Hearing is a vital component of communicating. If a family member has hearing loss, speaking with them in the same ways as before can be challenging. Here are some things you can do to make conversations run as smoothly as possible and repair communication between your friends and relatives with hearing loss:

  • Speak naturally. Oftentimes, we try hard to accommodate others with hearing loss, but sometimes that changes the rhythm of our speech and how we pronounce certain words. Speak more slowly and loudly than you normally would, but try to maintain the natural rhythm of your speech.
  • Many people with hearing loss begin to rely, to some extent, on speechreading. Make sure that you’re facing the person with hearing loss with whom you are communicating. Don’t cover your mouth while you talk and try to talk in a well-lit room where your mouth and body language are easily visible. Also, avoid chewing gum, eating or exaggerating your lip movements – something we might do on accident when trying to speak more clearly – so your lip movements are as natural and easy to read as possible.
  • Pay attention to the other person’s body language. If he or she looks confused, repeat yourself – perhaps rephrasing what you have said. People with hearing loss often get tired of asking, “What did you say?” so if you notice their confusion, you can be proactive. You can also summarize what you’ve said in a natural way. For example, if you told a long story about a friend getting in a car accident, be mindful that your listener may not have caught all of the important details and say something like, “So although the accident was really scary, everyone was safe in the end.”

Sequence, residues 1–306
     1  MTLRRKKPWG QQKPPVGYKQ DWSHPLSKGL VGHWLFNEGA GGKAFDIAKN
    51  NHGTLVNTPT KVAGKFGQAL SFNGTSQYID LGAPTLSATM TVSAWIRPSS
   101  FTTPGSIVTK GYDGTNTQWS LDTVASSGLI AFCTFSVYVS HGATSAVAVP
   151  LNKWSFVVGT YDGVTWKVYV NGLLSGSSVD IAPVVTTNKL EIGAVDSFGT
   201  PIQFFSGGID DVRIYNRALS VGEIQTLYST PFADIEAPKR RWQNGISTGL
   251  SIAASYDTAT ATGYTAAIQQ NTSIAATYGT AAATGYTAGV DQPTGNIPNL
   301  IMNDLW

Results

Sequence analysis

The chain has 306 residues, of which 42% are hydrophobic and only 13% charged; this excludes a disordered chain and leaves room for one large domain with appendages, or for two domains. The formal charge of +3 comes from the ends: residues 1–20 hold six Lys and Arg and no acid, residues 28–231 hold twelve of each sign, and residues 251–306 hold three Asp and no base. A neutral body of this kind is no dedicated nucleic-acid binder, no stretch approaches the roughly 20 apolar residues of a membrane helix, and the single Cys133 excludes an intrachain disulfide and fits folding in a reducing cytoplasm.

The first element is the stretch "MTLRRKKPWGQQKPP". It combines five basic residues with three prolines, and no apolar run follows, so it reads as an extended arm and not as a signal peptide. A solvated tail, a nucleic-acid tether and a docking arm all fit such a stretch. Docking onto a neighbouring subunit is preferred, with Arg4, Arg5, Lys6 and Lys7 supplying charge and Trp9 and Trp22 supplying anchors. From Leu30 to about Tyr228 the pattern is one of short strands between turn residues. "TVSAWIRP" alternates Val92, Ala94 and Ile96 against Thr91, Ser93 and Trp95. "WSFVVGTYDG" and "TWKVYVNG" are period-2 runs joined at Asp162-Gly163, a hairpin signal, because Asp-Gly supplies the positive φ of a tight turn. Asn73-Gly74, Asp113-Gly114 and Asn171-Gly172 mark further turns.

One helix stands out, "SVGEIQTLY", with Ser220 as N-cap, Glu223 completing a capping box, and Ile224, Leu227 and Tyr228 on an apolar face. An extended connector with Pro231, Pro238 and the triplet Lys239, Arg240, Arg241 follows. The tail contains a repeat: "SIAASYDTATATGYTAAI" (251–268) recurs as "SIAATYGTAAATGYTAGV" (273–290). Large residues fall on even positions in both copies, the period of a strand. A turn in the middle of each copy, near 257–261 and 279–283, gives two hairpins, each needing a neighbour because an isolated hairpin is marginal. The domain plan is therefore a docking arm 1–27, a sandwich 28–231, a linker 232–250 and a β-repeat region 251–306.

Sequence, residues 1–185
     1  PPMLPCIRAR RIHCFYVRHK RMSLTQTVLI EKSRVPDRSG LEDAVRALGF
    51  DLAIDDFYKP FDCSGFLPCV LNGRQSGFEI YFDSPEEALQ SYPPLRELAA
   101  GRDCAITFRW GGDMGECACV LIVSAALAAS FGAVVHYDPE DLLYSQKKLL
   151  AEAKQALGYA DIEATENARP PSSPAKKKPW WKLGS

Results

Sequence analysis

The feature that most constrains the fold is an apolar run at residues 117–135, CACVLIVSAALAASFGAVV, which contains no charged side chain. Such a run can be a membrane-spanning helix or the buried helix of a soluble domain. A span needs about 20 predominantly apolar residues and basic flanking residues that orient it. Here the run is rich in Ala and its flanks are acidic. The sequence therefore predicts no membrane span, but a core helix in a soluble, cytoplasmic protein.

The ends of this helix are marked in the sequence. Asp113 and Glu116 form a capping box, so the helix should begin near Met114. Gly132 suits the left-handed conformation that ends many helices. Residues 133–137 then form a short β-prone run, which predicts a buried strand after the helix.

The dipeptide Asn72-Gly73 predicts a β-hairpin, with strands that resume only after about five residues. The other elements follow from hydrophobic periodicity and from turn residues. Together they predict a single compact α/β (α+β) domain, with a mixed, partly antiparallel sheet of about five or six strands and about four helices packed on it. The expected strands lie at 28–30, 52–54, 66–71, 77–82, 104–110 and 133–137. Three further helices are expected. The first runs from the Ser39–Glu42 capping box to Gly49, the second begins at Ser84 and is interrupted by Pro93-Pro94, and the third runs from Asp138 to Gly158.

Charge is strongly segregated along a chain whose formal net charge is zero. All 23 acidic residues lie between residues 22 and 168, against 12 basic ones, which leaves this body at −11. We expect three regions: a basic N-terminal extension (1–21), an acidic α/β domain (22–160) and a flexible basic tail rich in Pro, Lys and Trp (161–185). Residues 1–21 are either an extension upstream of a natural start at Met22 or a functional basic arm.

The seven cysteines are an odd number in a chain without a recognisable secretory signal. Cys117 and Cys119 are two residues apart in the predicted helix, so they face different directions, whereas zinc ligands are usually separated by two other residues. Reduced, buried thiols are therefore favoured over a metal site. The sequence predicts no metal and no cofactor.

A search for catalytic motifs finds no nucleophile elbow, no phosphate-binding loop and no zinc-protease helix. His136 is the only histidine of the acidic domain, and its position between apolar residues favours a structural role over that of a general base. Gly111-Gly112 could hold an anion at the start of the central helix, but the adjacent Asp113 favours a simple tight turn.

• Another great tactic is to provide the background or the conversation topic in advance. This might seem a bit mechanical, but being proactive is a good way to avoid confusion and help the listener know what you’re talking about right away. You’ve probably realized that one missed word right from the start can derail the whole conversation. Imagine the hilarity and confusion that would ensue if someone thought you had said “toaster” when you were actually talking about a “roller coaster.”
  • Before beginning a conversation, make sure you get your listener’s attention, and don’t try to start a conversation from another room.
  • Consider getting your family member with hearing loss a CapTel captioned telephone so they can rely on the telephone and enjoy communicating even when far away.  CapTel shows captions of everything a caller says, giving people with hearing loss the confidence and security of communicating over the phone.
  • Use gestures when you speak, which can give a lot of context to various topics of conversation.
  • Keep a small notepad close at hand. Depending on what type of hearing loss your family member or friend has, certain letters and sounds may be especially hard to hear. For example, the sounds “b” and “v” are often hard to differentiate, even through speechreading, because our mouths look very similar for the formation of these sounds. Thus, jotting down the word quickly when there is some confusion is a great plan.
  • Be patient!
CapTel Captioned Telephone